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Tuesday, 20 September 2011

Painting of the Month (21) September 2011: J W Waterhouse

The Lady of Shalott. Painted 1888
John William Waterhouse  (1849-1917) was an English Pre-Raphaelite painter. His favourite subjects were mythology and Arthurian legend and this picture is based on the eponymous poem by Alfred, Lord Tennyson. Looking at the bulk of his work in retrospect one is tempted to say that it is sentimental and extremely unfashionable in the way that much Victorian painting is thought of today. See, for example, the work of Sir Lawrence Alma-Tadema.
However unfashionable, I think it's time for a re-evaluation of some of this kind of painting.
Taking The Lady of Shalott at face-value, the thing that strikes me initially is - it is beautiful and radiates calm and peacefulness.  In reality the story is nothing like that - she is about to drown herself. (See 'Ophelia' painted by Millais in 1852), a probable source of inspiration for this work.

  • The characteristics of Pre-Raphaelite painting (and literature) are a directness and attention to detail and realism in a way that was last known before Raphael at the time of the High Renaissance. There was also a strong tendency towards medievalism as typified by this painting.
  • The Lady of Shallot was depicted as one of the characters in the Arthurian legends with the Knights of The Round Table.

17 comments:

joanne fox said...

This is a lovely painting. I've always liked the old pre-raffs! Wish my hair was as long as hers.

bazza said...

joanne: Well her hair looks a bit 'flyaway' but if she is about to drown herself I don't suppose she cares.

Anonymous said...

From the wine cellar of Sir Tom Eagerly:
Well Bazza old thing she certainly looks like a bit of a beauty bur alas I reckon she would be about 200 by now. A little aged even for Sir Tom. Bottoms up!

bazza said...

Sir Tom: 200? I'd have thought she would be a perfect match for you. What will Lady Eagerly think:

Chinatours said...

I am a layman of panting, but I think this one is nice, for its mixture of colours, the arrange of light and shadow as well as the expression of the girl, am I right?

Botanist said...

I like to take paintings at face value and just let them impress themselves on my visual senses, so the beauty and serenity is my take-away. I also love the technical proficiency - deep envy!

joanne said...

oh, this is beautiful... the details are extraordinary... i too am envious of an artistic eye that sees this deeply into things and can bring that sight into form...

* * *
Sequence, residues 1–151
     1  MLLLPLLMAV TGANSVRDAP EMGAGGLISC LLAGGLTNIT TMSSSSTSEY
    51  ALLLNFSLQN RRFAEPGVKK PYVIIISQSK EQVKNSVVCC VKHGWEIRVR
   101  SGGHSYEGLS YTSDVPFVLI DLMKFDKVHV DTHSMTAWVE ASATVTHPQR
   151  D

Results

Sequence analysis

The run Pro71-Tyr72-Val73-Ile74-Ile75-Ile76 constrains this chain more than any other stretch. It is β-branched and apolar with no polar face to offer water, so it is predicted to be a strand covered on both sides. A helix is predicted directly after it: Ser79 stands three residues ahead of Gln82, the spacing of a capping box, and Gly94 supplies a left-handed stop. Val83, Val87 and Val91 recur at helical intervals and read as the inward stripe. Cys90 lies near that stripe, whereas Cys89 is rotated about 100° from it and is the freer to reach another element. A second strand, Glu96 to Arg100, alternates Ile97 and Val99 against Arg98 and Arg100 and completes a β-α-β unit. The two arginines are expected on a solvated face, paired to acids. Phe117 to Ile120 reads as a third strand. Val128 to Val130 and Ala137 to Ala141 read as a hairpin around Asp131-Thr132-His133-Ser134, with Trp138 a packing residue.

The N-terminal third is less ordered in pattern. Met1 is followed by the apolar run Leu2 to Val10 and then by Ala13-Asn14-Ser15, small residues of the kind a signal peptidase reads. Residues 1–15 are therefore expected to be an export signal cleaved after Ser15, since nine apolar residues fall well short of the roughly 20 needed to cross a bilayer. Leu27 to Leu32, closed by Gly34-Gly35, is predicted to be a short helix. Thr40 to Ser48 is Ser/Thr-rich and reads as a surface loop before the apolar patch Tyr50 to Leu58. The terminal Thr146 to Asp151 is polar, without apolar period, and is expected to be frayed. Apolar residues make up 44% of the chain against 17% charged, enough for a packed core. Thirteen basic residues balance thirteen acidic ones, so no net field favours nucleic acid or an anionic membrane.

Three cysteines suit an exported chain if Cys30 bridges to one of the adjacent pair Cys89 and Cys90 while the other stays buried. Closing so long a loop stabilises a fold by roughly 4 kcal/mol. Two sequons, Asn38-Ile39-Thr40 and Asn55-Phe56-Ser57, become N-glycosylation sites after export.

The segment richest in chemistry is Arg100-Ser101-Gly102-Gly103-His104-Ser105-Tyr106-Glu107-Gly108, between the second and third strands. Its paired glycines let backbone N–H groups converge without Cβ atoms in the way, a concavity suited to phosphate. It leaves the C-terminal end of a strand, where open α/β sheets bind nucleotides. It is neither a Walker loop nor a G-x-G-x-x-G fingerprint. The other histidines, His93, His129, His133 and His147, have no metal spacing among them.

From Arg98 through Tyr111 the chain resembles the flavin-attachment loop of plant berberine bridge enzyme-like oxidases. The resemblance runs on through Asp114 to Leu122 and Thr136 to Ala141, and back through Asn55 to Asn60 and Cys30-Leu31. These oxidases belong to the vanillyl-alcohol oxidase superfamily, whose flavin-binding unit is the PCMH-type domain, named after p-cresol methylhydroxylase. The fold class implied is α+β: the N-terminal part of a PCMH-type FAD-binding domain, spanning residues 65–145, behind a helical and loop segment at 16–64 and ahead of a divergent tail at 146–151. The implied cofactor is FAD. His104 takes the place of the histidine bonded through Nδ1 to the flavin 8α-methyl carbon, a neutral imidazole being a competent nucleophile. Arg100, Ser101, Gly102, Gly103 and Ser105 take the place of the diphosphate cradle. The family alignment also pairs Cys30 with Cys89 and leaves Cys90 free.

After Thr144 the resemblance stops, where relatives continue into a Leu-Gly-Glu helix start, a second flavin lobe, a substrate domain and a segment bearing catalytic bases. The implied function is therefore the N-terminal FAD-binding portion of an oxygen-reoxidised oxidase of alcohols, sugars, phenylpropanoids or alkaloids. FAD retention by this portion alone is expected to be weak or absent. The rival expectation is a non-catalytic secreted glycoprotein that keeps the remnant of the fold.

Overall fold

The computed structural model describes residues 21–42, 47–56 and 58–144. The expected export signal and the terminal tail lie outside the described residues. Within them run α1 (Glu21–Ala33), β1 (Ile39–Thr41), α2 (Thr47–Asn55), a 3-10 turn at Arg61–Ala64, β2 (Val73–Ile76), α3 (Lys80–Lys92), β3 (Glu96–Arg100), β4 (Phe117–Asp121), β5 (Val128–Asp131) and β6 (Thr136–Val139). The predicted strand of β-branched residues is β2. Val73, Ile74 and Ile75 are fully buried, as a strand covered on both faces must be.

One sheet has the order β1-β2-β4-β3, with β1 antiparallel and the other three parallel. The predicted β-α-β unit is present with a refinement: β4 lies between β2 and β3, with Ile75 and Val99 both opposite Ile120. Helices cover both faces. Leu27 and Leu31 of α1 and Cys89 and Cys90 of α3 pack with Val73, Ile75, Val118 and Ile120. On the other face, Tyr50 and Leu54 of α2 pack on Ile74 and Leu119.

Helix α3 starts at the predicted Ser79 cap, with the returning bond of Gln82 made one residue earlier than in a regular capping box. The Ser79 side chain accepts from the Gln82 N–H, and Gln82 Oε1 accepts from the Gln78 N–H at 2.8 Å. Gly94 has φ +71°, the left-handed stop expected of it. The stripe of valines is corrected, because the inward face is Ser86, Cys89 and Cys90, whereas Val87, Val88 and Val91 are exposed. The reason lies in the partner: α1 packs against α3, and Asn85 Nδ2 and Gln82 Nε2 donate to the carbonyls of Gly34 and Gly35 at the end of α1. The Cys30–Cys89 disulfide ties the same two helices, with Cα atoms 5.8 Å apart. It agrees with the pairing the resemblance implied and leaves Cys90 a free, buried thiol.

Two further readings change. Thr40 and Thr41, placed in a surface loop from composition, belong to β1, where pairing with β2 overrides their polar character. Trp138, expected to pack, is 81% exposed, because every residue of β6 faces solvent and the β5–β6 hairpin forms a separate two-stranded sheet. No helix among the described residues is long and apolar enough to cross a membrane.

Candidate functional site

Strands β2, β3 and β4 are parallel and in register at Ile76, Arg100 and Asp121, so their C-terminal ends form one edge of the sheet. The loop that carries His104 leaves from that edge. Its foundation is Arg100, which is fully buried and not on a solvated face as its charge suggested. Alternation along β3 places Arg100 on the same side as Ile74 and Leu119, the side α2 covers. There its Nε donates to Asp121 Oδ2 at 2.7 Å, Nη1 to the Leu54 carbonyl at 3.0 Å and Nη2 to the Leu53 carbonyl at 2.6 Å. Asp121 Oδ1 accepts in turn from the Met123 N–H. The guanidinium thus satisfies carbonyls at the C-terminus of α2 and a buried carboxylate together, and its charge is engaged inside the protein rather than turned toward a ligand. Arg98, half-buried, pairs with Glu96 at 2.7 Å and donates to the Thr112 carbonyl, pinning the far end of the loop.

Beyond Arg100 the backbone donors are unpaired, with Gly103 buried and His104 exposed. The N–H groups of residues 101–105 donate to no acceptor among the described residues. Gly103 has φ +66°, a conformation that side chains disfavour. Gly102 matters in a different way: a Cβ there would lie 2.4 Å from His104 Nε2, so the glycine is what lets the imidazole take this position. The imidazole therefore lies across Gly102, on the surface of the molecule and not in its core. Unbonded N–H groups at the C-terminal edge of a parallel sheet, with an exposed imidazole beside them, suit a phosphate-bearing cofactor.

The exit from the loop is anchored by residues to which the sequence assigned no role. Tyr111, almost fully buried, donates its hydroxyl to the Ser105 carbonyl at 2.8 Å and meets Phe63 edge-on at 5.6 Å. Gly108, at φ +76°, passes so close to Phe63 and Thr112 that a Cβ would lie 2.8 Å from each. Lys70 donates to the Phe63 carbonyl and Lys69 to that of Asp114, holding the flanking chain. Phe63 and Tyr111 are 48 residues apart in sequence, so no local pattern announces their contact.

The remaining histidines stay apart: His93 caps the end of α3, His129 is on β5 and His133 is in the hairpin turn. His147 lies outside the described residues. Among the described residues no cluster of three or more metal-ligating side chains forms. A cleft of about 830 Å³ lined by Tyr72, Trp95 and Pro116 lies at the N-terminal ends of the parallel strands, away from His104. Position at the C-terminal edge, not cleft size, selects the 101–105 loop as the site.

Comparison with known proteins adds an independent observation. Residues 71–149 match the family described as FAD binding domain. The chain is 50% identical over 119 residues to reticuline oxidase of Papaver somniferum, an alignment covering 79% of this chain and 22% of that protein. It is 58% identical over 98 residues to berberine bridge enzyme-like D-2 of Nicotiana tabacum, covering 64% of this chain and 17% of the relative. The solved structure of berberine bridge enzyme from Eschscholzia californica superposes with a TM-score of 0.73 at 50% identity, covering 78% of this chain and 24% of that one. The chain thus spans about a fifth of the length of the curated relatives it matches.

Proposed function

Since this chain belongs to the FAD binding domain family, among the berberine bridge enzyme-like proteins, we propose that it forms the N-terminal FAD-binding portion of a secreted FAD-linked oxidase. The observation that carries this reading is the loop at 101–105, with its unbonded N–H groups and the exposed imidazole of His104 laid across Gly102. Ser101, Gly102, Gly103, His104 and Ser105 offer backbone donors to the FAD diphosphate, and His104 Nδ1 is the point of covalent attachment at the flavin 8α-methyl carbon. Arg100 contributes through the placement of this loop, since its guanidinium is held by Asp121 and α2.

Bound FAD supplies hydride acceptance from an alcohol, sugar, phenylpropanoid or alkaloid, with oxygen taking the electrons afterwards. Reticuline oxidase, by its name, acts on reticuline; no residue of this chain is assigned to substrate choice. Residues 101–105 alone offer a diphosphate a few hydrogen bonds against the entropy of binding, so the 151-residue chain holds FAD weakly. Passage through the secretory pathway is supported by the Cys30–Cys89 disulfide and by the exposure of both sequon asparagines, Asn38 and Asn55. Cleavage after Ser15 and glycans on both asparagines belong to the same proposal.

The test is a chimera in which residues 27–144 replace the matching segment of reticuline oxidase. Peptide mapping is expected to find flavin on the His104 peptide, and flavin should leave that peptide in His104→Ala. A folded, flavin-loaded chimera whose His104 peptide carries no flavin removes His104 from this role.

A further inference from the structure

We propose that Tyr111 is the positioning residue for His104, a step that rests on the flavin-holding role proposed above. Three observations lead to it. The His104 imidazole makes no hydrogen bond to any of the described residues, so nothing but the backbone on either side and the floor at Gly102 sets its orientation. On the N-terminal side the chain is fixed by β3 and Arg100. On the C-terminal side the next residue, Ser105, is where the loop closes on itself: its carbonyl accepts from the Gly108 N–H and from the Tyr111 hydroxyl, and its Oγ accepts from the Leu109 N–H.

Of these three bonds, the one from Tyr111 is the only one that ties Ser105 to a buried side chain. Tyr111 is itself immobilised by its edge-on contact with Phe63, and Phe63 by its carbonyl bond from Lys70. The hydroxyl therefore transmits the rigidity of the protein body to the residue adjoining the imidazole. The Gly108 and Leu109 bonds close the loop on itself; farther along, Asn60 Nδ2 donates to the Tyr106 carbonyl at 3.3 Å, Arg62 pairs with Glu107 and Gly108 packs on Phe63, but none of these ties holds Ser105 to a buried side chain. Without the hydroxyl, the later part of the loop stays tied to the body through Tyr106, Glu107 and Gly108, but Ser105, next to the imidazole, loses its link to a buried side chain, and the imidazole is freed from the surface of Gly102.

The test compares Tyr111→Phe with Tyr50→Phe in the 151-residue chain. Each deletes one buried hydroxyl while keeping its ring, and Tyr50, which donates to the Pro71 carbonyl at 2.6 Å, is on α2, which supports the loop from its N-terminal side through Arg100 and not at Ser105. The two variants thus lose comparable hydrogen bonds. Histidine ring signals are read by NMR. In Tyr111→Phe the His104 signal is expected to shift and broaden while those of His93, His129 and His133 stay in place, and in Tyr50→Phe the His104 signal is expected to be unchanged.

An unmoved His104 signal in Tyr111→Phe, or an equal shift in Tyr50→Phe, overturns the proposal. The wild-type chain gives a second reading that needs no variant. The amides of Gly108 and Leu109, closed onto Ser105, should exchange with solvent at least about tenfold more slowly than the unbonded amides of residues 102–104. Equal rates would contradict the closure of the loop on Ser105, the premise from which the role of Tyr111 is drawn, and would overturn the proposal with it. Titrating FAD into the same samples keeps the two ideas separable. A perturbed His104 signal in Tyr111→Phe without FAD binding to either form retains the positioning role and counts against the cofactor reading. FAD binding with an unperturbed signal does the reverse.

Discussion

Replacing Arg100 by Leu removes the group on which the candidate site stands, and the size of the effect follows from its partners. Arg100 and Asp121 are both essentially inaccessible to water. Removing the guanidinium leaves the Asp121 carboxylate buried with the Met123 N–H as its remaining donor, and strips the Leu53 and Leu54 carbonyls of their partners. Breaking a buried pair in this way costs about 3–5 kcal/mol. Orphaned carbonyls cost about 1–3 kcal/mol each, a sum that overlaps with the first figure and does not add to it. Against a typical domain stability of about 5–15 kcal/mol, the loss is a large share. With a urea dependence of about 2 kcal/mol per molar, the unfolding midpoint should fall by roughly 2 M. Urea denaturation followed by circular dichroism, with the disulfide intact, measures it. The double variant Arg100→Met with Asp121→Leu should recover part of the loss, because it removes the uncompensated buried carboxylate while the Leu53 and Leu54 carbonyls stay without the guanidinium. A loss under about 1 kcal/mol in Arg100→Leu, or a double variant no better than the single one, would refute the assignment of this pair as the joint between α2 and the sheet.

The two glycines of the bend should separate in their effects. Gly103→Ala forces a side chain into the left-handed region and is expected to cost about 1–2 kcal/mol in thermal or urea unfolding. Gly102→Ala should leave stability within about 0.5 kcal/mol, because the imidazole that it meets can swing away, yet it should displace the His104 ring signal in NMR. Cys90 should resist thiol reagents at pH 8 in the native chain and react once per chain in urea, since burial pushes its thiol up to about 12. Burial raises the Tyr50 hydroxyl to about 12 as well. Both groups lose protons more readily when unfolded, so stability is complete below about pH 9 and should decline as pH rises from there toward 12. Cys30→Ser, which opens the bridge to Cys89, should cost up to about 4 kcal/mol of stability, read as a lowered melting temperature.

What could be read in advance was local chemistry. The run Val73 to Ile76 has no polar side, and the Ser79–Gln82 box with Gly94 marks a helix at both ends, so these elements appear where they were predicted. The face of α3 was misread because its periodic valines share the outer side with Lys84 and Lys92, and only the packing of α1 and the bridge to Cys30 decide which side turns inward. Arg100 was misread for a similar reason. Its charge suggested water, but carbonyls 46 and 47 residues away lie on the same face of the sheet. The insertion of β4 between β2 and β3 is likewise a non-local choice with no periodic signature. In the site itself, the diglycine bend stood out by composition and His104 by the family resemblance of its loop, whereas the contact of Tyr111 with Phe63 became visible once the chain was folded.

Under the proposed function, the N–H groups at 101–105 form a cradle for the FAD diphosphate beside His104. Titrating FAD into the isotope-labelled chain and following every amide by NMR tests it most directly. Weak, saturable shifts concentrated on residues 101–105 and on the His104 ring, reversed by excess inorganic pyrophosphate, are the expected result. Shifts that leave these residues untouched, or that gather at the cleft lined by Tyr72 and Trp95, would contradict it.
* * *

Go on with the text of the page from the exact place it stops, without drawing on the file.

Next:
(and now i am sidetracked off on a tangent because i can't help but be amused reading the first two comments... my hair is that long, and many days it is that "flyaway"!

... and i'm not sure what it means that i don't much care... i kind of like it that way... wild, silver, and very long ... all the ways women are told their hair shouldn't be :)

bazza said...

Chinatours: Hello again. Of course you are 'right!' because there is no right and wrong. Art appreciation is very subjective so your own opinion is as valid as any other. I did Art History as part of my degree so I have a lot of historical and technical knowledge but that does not make me an expert!

bazza said...

Botanist: Exactly! You express very well the right way to view art in my opinion. Sometimes a viewer can see something in a picture that even the artist did not realise was there.

bazza said...

joanne: The detail is amazing. If you double-click the picture it becomes truly remarkable. Even the sadness in her eyes becomes apparent.
And as for the hair.....

THE SNEE said...

Hi Bazza,

I'm feeling a bit Victorian, so I greatly, and I mean greatly appreciate this art. I share the artist envy with the rest of your readers too. Thanks for writing up this post. I loved the visual journey.

klahanie said...

Hello bazza,
Well, looking at it from just an angle of appreciation, I rather like the painting.
Cheerio, old bean, and thank you for sharing...

David said...

Dear bazza,
Once again, a lovely painting to look at!
I was familiar with Tennyson's poem, but not this picture. Thanks for furthering my education, bazza, as you always seem to do.
Regards,
David.

bazza said...

Snee: Hi there. You referred to aches and pains in your other comment. Have you been unwell - I must have missed something!
Feeling Victorian, eh? I'm not sure if that's good or bad, but happy that you like this lovely picture.

bazza said...

Gary: That's the way to look at it. Enjoy!

David: Professor Bazza is happy to help out!

rob said...

I believe the PRB were very keen on poetry and also had links with the Oxford Movement. Didn't they have a belief that art should bring about social change?

Thanks for posting this Bazza.

bazza said...

Hello Rob, it's always good to hear from you.
I am unaware of their link to the Oxford Movement; wasn't their aim to re-instate Catholicism or to reunite it with Anglicism?
I think William Morris and the Arts & Crafts movement had more to do with social change but I'm uncertain.